The family home of foreign residents and expats may be taxed if legislation before Parliament is passed by the Senate.
If you are a foreign resident living in Australia or an Australian working overseas who owns residential property in Australia, this reform potentially has serious tax implications for you.
Currently, individuals are generally not subject to capital gains tax (CGT) on the sale of the home they treat as their main residence. If the home was your main residence for only part of the ownership period or if the home is used to produce income (for example, you use part of the home as business premises or rent out part of the property), then a partial exemption may be available. In addition, if you move out of your home and you don’t claim any other residence as your main residence, then you can continue to treat the home as your main residence for up to six years if you rent it out or indefinitely if you don’t rent it out (the ‘absence rule’).
The main residence exemption is currently available to individuals who are residents, non-residents, and temporary residents for tax purposes.
Under new laws before Parliament, you will not be able to claim an exemption under the main residence rules if you are a non-resident for tax purposes at the time you sell, even if you were a resident for some (or even most) of the ownership period. The new rules do not allow for partial exemptions. If, however, you are an Australian resident at the time you sell, then the normal main residence exemption rules apply, even if you were a non-resident for some or most of the ownership period.
Someone holding property at 9 May 2017 can apply the current rules if the CGT event occurs on or before 30 June 2019 – for a sale of a property the CGT event date is likely to be the date of contract not the settlement date. This transitional period gives non-residents some time to sell their main residence (or former main residence) if they choose and obtain a level of tax relief under the main residence rules.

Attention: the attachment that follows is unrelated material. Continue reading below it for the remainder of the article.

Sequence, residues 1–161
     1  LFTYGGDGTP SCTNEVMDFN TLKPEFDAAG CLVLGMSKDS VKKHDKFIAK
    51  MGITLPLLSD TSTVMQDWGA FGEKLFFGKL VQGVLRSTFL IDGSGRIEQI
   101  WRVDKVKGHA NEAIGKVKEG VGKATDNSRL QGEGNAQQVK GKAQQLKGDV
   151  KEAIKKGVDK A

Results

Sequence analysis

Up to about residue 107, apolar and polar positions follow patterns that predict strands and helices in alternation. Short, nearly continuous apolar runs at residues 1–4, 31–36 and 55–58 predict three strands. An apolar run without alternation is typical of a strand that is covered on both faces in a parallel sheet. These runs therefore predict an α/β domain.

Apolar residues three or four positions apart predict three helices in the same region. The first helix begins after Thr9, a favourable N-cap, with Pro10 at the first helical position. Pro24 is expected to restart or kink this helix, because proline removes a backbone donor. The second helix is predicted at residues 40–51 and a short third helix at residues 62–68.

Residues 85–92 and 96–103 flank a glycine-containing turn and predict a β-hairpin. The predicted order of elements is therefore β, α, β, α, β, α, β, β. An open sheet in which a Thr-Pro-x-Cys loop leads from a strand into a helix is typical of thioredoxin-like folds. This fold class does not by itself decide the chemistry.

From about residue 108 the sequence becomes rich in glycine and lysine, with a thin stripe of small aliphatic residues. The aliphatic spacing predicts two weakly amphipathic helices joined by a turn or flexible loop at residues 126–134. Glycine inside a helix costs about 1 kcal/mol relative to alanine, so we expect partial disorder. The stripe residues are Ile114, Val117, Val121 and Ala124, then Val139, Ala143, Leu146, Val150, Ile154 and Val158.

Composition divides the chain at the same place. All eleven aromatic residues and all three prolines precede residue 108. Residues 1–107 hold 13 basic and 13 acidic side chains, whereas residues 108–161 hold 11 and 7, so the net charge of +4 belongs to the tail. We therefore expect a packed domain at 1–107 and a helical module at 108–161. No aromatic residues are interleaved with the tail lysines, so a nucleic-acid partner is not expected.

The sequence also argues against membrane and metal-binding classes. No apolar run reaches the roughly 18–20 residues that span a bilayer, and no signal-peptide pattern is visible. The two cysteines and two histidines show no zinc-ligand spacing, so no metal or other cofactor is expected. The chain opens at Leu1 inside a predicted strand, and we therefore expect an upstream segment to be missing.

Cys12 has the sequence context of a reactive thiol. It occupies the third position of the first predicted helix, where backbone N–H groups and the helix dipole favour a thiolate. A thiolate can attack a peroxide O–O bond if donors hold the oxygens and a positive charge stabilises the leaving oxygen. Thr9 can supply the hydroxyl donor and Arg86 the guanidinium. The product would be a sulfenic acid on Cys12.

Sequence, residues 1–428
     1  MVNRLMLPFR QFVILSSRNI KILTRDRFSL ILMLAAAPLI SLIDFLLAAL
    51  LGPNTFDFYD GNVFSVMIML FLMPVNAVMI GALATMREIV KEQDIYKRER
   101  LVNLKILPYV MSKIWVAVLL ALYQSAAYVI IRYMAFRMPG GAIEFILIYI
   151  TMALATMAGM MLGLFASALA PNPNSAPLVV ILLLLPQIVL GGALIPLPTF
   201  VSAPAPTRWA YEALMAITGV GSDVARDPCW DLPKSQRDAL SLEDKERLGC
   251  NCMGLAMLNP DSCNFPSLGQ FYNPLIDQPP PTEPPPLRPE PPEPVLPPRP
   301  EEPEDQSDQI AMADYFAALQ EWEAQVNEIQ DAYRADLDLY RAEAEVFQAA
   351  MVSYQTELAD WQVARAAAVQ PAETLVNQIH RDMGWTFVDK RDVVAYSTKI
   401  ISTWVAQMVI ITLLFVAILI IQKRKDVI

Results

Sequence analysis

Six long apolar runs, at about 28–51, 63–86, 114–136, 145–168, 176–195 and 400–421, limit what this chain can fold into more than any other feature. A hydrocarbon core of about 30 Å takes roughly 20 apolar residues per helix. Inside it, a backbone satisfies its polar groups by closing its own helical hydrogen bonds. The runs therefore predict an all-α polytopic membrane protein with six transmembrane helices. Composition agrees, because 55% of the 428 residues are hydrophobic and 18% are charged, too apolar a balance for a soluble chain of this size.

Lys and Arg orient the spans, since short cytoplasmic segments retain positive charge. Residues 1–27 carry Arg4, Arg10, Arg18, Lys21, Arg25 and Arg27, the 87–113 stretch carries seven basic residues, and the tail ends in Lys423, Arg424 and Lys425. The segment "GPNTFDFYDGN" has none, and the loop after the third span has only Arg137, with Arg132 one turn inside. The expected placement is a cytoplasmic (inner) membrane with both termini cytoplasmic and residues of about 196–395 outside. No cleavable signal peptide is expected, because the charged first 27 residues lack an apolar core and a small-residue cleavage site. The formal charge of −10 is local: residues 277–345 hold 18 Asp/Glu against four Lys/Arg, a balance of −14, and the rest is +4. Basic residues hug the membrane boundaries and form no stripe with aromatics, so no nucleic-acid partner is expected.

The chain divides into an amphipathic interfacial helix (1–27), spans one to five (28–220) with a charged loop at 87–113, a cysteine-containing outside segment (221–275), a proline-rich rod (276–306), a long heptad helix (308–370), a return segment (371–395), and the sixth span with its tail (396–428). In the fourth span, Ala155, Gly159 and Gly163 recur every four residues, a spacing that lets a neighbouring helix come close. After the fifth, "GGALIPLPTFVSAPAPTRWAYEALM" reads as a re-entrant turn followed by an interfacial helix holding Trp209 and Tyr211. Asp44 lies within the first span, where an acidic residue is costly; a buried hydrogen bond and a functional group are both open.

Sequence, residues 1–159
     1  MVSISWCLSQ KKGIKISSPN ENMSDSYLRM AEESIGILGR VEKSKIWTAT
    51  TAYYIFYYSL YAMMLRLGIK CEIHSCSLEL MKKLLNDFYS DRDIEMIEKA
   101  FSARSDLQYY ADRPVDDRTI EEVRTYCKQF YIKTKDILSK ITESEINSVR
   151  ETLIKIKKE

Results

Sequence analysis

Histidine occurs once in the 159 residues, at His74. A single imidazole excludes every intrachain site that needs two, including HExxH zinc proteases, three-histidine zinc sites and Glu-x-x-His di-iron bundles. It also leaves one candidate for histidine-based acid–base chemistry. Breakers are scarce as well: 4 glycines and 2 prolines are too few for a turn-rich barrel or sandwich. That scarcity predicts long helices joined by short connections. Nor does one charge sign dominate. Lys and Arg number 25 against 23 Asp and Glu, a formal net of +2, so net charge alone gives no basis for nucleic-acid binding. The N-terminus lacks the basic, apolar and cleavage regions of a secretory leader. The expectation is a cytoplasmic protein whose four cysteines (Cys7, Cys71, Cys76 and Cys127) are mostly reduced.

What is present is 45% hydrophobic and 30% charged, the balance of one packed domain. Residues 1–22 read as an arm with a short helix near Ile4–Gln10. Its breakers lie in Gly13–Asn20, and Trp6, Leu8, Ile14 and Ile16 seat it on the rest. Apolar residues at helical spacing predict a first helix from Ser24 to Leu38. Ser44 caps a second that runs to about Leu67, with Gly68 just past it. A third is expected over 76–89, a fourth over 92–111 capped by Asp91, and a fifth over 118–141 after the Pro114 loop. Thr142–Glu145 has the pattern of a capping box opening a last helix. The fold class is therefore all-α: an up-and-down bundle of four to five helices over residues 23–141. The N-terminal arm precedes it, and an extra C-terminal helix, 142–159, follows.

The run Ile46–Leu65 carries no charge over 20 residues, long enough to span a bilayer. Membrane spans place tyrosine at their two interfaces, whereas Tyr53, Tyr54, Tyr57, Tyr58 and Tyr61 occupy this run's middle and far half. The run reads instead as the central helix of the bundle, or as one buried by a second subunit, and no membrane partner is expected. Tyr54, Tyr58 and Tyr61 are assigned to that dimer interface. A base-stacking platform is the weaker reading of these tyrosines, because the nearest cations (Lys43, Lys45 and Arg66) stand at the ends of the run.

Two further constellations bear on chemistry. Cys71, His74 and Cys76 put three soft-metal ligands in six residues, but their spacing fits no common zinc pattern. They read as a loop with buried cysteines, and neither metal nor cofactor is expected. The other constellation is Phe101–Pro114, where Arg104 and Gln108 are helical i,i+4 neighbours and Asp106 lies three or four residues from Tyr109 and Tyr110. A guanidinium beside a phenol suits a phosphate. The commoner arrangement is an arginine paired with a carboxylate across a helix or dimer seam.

Keep in mind that we are talking about tax residency, which has its own set of rules to the immigration, visas and citizenship requirements. It’s different and you need you need to be clear about where you fit.
Australians working overseas
If you are an Australian citizen working overseas but a non-resident for tax purposes, these new rules are likely to affect your main residence in Australia.
If you maintain your main residence in Australia, you can use the absence rule to maintain the exempt status of your property just in case you decide to return to Australia. When you return permanently to Australia and decide to sell, you are likely to be able to access the main residence exemption (or a partial exemption). If you rent out your property while you are away, the absence rule allows you to treat the property as your main residence for up to six years. Be wary of exact dates here. One day the wrong way or a misapplication of the absence rule could make a significant difference to the tax you pay.
If you sell the property while you are a non-resident, once these new laws come into effect, you will not be entitled to the main residence exemption at all. Similarly, if you die while overseas, and your home is sold within two years of the date of your death, it’s likely that your beneficiaries will not be able to claim the main residence exemption.
Foreign residents living in Australia
If you are a foreign citizen currently living in Australia but planning to leave Australia at some stage in the short to medium term then these new rules are likely to impact on you. If you owned your home at or before 9 May 2017, you can access the main residence rules on or before 30 June 2019 if you sell the property.
However, if you leave Australia and cease being a resident of Australia before selling the property and the sale occurs after 30 June 2019 then you will not be able to access the main residence exemption. This will mean that you will pay tax at your marginal tax rate on any gain you make on the sale of the property. You are also likely to have limited access to the general CGT discount.
If you are uncertain of your position or the likely impact of these new rules on you, you should seek advice. Tax residency status is often complex and is not intuitive – it’s important to get it right.